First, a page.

The accidental author


“I didn’t intend to write a book,” says Lebanese American author Karim Dimechkie – but he did. This year he released his debut novel “Lifted by the Great Nothing”. It started as a short assignment that turned into an 800-page draft, which was then slashed down to its present form. It’s a hilarious and heartbreaking coming-of-age story about a boy, his Lebanese father and a huge lie, offering readers an authentic glimpse into the immigrant experience and the mind of a growing boy.

Getting there was a long process for the author (it took three years to write the book) and along the way Dimechkie learned a lot about Lebanon and the writing process. Dimechkie says the most important part of being a writer is being in touch with the daily artistic process and trusting your instincts. “The only way your work might fascinate readers is if it genuinely fascinates you first,” he says. While the book is not autobiographical, the author says it’s actually “little pieces from my life turned into a collage.”

Born to a Lebanese father and French mother, Dimechkie grew up in various parts of the US but hardly knew Lebanon. He only deepened his connection with his fatherland while writing the book. “I traveled to Beirut to interview people who lived through the war, spent some time in Bourj el-Barajneh refugee camp, and got a better feel for the ambience and history of AUB,” he recounts, adding that “exploring Beirut with a book in mind is much like walking with a camera: you see everything as being worthy of capture.”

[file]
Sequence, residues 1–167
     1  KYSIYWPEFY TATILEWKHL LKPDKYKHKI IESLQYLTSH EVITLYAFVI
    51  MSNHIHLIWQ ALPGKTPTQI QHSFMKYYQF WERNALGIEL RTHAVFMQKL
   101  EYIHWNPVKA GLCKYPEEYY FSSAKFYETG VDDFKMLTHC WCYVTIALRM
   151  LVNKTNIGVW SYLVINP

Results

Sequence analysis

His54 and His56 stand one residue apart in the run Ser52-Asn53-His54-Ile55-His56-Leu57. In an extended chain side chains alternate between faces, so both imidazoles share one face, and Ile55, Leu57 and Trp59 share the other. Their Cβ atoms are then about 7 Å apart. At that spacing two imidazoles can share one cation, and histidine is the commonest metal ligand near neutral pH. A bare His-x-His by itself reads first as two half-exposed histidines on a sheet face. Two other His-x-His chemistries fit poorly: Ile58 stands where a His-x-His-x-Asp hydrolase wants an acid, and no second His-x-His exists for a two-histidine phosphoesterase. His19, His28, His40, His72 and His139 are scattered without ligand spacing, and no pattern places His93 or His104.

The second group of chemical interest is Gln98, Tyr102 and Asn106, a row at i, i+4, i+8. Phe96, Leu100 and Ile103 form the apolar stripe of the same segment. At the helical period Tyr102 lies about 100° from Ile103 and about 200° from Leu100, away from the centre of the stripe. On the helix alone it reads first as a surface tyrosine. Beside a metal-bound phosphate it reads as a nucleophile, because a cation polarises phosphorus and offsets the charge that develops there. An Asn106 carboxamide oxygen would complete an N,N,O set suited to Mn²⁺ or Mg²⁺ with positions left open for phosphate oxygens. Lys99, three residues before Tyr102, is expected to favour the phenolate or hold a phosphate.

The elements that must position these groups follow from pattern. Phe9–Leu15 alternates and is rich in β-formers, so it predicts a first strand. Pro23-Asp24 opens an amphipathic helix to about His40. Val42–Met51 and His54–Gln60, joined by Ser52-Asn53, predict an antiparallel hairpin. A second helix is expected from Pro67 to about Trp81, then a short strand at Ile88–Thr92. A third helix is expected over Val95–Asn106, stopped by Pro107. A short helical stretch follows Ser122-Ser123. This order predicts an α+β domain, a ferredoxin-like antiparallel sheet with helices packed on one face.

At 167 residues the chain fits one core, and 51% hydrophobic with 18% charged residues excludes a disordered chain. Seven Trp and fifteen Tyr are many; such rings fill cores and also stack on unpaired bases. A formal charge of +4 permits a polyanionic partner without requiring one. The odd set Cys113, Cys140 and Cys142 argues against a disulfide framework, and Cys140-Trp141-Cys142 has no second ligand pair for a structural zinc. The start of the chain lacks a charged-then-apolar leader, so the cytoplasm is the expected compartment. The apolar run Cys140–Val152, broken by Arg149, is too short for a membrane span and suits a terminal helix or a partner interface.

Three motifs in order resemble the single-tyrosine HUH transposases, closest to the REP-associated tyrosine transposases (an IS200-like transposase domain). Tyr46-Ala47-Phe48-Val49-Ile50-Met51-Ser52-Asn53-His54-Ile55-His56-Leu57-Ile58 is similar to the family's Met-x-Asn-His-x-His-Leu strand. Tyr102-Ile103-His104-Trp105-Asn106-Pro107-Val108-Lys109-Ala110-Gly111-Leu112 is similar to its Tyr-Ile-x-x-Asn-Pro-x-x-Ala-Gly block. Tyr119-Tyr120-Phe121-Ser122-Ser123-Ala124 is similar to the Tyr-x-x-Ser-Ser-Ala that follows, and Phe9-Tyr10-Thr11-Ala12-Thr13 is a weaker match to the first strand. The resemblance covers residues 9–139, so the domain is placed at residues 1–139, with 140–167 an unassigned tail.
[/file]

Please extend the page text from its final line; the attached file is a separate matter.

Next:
karim (1)Like Dimechkie, the book’s main character is of Lebanese origin growing up in America.  And there are many others like them, not just in US, but all over the world. The Lebanese have historically traveled far and wide and a huge diaspora resulted after the civil war. The experience of being “foreign” is a rather common national phenomenon. Nowadays the whole world is experiencing increased migration and consequently the rise of “third culture kids”, people raised outside their parents’ culture(s). Dimechkie says he “felt at ease writing from the perspective of someone – Max, my protagonist – who doesn’t really know where he’s from.”

“I think the particular experience of the rootless world citizen, who doesn’t feel beholden to any one culture, is under represented in literature and in entertainment. Living a patchwork of colors, languages, religions, politics, places, and alliances often inspires us third culture kids to be chameleons, which, of course, has its pros and cons,” the author explains. On the bright side, he thinks the west is becoming more interested in these international perspectives, which is encouraging for aspiring authors that fit the profile.

Readers have also started to compare Dimechkie to another Lebanese-American author, the celebrated Rabih Alameddine. Dimechkie is flattered,  but says they are in fact only alike in their interest in Lebanon. “I think he has his own striking voice, and I have mine. While country is important, story and tone are what make a writer’s identity, he explains.

Dimechkie is currently working on another novel – one that is very different from the first and has nothing to do with Lebanon – but he says, “I do hope to write more about Lebanon in the future. It’s a place I know my creative drive will be drawn to for many books to come.”


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